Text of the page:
As a young man, he trained as a barber and was a keen boxer.

Little did he know that both these skills would later help him to survive the notorious 'death camp' where over one million lost their lives.

In the 1930s Leon met Else van Dam and the young couple were married at Stepney Green synagogue in 1935.

They honeymooned in Rotterdam and when Leon returned home, Else remained behind to look after her elderly grandmother.

From then on, Leon split his time between Holland and London.

In 1938, Leon returned to Rotterdam, aiming to bring Else home.

However, reassured by Neville Chamberlain's infamous speech ensuring 'peace in our time', the couple remained in Rotterdam, where Else gave birth to a baby boy, Barney, on March 17, 1940.

Leon was also assured by the British Embassy that if war were declared, they would be evacuated as British civilians.

When the German army invaded the Netherlands on May 10 Leon returned to the embassy to find it locked and deserted.

The young family were stranded, and Leon gave their passports and family savings to a non-Jewish friend for safe-keeping.

When he heard foreign nationals were being evacuated under the protection of the Geneva Convention, Leon returned to his friend only to discover that he had panicked and burned the documents in fear of reprisals for helping Jews.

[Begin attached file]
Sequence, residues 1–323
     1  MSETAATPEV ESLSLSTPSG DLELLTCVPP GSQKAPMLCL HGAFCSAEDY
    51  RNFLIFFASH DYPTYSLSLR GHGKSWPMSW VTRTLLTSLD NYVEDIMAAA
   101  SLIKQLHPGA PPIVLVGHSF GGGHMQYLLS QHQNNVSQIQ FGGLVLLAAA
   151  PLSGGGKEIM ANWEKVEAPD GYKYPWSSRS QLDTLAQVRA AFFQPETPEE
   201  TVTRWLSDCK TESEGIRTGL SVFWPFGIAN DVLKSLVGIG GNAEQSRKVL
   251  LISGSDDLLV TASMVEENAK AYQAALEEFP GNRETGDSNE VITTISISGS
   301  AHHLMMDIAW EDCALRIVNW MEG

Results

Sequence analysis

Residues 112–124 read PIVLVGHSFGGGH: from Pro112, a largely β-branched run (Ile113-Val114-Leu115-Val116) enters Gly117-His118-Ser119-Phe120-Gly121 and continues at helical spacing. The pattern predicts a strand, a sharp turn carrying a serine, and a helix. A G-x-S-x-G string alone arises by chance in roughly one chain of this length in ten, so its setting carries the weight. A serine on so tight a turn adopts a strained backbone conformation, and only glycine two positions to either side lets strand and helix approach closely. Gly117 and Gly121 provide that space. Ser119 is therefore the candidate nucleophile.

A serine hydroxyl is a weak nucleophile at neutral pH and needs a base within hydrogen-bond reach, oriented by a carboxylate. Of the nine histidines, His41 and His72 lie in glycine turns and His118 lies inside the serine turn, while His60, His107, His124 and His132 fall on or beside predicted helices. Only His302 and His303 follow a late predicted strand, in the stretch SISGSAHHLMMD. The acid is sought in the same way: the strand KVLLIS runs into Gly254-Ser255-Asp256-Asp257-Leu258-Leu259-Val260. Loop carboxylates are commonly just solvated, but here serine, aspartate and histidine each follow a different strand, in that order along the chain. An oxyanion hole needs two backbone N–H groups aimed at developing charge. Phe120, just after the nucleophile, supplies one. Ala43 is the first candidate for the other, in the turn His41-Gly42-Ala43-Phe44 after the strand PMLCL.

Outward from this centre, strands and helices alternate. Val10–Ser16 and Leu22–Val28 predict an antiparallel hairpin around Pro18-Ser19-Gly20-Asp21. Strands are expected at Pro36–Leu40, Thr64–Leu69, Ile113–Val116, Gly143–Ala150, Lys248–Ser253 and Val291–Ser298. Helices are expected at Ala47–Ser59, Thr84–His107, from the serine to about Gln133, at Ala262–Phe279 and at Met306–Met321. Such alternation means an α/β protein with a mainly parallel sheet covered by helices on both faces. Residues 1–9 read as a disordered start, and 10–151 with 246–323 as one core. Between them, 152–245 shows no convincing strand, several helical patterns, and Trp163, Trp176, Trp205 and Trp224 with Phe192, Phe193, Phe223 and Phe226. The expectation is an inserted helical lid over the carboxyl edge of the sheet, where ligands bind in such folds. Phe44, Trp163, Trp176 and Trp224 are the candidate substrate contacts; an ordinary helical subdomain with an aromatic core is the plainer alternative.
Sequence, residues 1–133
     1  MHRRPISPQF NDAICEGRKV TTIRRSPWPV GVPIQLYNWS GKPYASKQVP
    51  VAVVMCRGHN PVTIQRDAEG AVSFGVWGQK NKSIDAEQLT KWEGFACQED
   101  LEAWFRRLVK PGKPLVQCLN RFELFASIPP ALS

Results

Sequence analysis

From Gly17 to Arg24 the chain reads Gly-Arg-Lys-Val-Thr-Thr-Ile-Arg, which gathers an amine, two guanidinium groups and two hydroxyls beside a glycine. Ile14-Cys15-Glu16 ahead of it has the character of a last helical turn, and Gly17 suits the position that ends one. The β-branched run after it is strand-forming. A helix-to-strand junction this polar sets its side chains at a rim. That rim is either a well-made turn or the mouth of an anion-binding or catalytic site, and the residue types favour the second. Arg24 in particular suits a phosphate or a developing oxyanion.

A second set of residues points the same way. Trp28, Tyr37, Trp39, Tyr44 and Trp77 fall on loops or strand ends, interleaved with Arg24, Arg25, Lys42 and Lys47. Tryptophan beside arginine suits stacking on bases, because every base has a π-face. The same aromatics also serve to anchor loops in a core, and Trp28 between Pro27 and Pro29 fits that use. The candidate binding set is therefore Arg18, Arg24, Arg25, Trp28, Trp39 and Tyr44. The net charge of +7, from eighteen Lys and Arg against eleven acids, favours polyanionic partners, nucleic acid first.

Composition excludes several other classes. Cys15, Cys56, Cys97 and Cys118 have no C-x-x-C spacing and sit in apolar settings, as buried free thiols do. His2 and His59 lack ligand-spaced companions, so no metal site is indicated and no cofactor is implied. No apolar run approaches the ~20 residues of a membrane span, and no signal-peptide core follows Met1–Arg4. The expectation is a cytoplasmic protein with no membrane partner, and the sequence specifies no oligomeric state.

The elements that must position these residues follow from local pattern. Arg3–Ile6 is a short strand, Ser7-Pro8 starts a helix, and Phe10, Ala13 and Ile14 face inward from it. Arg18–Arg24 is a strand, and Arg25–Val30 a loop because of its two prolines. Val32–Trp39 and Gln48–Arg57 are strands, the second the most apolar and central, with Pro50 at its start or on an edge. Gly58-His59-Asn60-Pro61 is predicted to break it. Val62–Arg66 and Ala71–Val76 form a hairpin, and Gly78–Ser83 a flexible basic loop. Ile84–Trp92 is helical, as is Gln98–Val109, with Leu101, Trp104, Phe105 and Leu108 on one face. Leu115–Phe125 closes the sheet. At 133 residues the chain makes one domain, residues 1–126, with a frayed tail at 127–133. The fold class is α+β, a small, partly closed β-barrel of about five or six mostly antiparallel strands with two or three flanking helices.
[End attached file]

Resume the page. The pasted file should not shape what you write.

On October 8, 1942, with no way of proving their nationality, Leon, Else and Barney were taken to Westerbork, a Nazi concentration camp.

Over the following weeks Leon tried unsuccessfully to convince his captors that he was a British civilian.

On January 18, 1943, the family were transferred to Auschwitz.

Just hours later, too late to save them, papers arrived at Westerbork proving the Greenman's nationality.

Else and Barney were executed in Auschwitz's gas chambers, shortly after their arrival at the camp.

Unaware of their fate, Leon fought to survive in the hope he would one day see them again.

Leon was tattooed with the number 98288 and despite two and a half years of brutal beatings and 'medical' experimentation, managed to avoid the routine culling of the sick and weak.

On top of back-breaking labour, he worked as a barber, and believes it was this skill, combined with his fitness from boxing, that enabled him to survive.